Like so many people in the United States--and around the world--I truly admire Oprah Winfrey. She came from nothing and built a media empire. From creating bestsellers with her trusted recommendations and giving away free versions of her favorite things to a lifetime spent doing humanitarian work, Oprah really knows how to wield her influence to empower others.

But that's not actually the most impressive thing about her. As you might have noticed, a lot has been written about emotional intelligence recently. If you want to see someone whose EQ (emotional quotient, rather than intelligence quotient, or IQ) is worth emulating, look no further than Oprah.

Emerging entrepreneurs and established business owners alike would be wise to sharpen their own EQ; according to the World Economic Forum's report, "The Future of Jobs," emotional intelligence will be one of the top 10 job skills by 2020.

How Oprah Embodies Emotional Intelligence

Emotional intelligence is defined by four attributes: self-awareness, self-management, social awareness, and relationship management. If we examine Oprah relative to those attributes, we'll find that she hits those marks across the board.

She's certainly a prime example of someone who thrives on being self-aware and self-expressive with a powerful presence. A lifelong learner, she pushes her own boundaries to expand both her inner life and her external business activities.

Outwardly, she's always politically correct and gives fully and genuinely. Her relationships are solid. She's had the same people working in her organization, the same life partner, and the same best friend for decades. It's a high level of emotional intelligence that has led Oprah to such incredible success and has helped her hone an uncanny ability to inspire others.

Joie Seldon--a leading authority and advocate of emotional intelligence as it relates to leadership at work--has this to say about EQ: "One of the most powerful aspects of emotional intelligence is the ability to deal with situations as they are happening in ways that positively impact the outcome of your interactions while minimizing the stress you experience."

That's Oprah in a nutshell--and it can be you, too, with a little focus on your own EQ.

Boosting Your EQ

As you start your company, the need for emotional intelligence is obvious. The best way to deal with stressors in your professional or personal life is to assess and grow your EQ. Here are three ways to do so:

1. Know yourself and trust your gut. Start with an awareness of your own emotional state, including how balanced you believe you are and how comfortable you are expressing yourself. As you become more aware of your emotions and how you respond to triggers, you're better able to trust your internal guidance to make good decisions.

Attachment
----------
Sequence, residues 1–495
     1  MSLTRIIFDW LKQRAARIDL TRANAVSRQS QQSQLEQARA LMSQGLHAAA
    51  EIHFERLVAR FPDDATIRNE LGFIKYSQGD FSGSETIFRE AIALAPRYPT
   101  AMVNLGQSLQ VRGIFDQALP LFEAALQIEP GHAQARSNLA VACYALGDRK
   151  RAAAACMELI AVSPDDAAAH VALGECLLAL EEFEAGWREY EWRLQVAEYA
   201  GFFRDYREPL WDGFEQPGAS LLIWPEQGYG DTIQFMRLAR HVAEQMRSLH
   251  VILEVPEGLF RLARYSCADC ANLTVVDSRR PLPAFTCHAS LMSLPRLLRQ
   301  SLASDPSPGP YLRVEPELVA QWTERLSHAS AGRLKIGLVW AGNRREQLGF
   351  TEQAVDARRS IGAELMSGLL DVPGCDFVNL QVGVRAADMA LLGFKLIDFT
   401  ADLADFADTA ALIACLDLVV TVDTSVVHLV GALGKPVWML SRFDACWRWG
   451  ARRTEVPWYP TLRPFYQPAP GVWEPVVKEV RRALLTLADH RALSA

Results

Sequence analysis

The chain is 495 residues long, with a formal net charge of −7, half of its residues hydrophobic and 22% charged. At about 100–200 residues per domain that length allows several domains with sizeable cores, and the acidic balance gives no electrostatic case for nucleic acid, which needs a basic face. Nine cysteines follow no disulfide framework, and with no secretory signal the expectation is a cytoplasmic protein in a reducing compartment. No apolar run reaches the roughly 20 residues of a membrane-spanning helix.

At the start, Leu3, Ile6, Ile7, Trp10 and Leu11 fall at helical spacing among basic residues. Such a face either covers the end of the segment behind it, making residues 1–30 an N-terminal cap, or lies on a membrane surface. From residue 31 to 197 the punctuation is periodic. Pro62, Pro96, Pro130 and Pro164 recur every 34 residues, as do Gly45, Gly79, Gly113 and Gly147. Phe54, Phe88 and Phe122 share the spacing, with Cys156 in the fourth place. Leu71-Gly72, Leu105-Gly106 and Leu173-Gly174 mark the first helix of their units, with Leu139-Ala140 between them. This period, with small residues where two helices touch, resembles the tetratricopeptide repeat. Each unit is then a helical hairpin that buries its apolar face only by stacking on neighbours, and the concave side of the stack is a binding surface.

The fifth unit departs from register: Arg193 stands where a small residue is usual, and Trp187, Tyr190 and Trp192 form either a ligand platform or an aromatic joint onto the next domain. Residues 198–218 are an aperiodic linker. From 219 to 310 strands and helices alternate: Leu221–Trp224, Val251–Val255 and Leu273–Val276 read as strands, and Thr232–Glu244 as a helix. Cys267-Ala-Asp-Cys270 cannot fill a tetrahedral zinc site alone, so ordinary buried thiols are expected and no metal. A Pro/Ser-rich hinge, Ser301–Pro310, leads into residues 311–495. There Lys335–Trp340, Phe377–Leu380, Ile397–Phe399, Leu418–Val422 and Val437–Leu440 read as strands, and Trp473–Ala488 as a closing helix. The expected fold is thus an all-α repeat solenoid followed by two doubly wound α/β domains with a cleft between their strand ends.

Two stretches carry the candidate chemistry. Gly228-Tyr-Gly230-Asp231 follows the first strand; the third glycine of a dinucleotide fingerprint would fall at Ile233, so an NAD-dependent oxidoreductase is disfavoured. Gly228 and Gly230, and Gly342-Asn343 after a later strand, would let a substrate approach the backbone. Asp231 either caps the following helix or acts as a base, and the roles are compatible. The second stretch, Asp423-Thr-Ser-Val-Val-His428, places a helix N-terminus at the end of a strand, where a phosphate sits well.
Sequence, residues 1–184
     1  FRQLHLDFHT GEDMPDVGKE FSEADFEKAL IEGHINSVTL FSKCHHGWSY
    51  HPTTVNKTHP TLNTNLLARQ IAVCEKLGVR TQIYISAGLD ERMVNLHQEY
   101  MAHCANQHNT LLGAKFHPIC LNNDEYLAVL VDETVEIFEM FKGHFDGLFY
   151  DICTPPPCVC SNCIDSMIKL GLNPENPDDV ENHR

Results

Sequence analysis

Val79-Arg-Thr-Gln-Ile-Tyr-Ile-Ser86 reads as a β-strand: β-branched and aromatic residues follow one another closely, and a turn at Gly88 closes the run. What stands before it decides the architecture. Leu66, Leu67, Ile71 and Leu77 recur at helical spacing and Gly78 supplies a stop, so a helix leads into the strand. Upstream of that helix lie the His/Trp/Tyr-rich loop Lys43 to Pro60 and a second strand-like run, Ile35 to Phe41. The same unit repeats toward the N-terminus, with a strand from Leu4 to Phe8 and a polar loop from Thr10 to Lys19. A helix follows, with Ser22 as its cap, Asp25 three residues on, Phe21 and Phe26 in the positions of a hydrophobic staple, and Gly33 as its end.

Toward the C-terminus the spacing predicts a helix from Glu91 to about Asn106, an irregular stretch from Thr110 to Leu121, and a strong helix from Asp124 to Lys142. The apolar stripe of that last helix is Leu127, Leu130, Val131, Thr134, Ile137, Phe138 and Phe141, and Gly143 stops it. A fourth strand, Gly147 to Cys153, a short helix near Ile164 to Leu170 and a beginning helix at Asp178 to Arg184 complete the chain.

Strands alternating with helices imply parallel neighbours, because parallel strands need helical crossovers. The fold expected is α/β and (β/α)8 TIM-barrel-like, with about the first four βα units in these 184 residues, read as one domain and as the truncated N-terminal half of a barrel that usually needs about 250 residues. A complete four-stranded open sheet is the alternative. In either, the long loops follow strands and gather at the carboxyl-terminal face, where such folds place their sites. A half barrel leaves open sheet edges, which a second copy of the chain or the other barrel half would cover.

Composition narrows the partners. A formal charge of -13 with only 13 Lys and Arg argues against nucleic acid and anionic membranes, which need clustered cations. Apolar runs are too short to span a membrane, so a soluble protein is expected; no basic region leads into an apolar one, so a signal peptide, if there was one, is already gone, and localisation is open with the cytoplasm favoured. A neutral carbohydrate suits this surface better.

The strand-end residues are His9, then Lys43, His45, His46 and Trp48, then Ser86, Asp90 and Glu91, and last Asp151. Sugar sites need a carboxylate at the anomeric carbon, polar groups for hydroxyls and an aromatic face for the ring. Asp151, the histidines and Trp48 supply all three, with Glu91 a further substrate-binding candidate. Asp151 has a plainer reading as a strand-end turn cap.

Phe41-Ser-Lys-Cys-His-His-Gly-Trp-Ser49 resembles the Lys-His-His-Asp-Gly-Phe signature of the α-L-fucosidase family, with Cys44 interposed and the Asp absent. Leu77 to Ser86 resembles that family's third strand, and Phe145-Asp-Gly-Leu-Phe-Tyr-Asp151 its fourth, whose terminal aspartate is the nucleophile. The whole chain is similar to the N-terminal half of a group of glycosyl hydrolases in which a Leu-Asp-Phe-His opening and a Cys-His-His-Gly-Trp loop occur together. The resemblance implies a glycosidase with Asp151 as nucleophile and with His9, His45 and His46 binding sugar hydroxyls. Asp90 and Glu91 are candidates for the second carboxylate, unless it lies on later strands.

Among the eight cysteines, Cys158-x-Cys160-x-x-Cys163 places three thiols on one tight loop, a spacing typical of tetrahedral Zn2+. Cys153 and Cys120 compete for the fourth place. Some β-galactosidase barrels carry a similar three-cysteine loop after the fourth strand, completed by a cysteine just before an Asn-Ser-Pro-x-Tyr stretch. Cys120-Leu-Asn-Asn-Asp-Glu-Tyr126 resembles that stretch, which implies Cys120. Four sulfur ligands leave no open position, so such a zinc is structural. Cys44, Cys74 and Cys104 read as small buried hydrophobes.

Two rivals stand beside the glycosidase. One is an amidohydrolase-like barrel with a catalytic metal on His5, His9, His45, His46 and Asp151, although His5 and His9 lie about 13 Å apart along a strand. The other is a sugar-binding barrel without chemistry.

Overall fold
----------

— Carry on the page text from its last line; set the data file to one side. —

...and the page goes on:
Recently, I found myself in a situation that got heated and threatened to escalate out of control. Realizing my own emotions were also spinning out, I suggested that the group take a break. When we returned, cooler heads prevailed, and I was able to facilitate a conversation that led the team members involved to higher ground, where they came to an agreement.

Without the self-awareness to recognize rising stress levels, we might have continued pushing ahead--to the detriment of everyone involved.

2. Manage yourself. Have you felt yourself getting agitated when there are perceived limits, such as in crowded stores, airports, stadiums, or full parking lots? These triggers are a key to how you will behave in other stressful situations, so pay attention.

Recently, I was next in line for a spot in the parking lot of a popular trail where I hike (with limited parking spaces). Someone cut in front of me very aggressively and nabbed the spot. Rather than allow this to disrupt my mood, I waited for another spot to open up, which happened almost immediately. To manage your stress, you must choose your battles wisely!

Get a sense of how you react to stressful situations, surroundings, and people. If you stay conscious of your emotions, you can pause and reflect before reacting. As you're able to self-regulate and manage your emotions, your self-management and leadership grow.

3. Demonstrate empathy for others. Be sensitive to others' emotions, but do not take them on--that way, you can choose how to engage with them under different circumstances.

Recently, a colleague of mine was upset because a competitor had won a bid to secure a coveted client. Rather than dismiss her or offer platitudes, I was able to ask powerful questions and help her reframe the situation so she could see the client may not have been good for her.

When dealing with others' emotions, put yourself in their shoes and pause to reflect on what you can do to be most helpful in any given situation. As your powers of empathy grow, you'll notice a higher degree of trust, rapport, mutual respect, and willingness to collaborate build around you.

Oprah has it figured out. I can't guarantee that you'll be as rich and famous as she is as you develop your emotional intelligence. But I can promise that you'll find better balance and stability for yourself, which is really the ultimate success in life.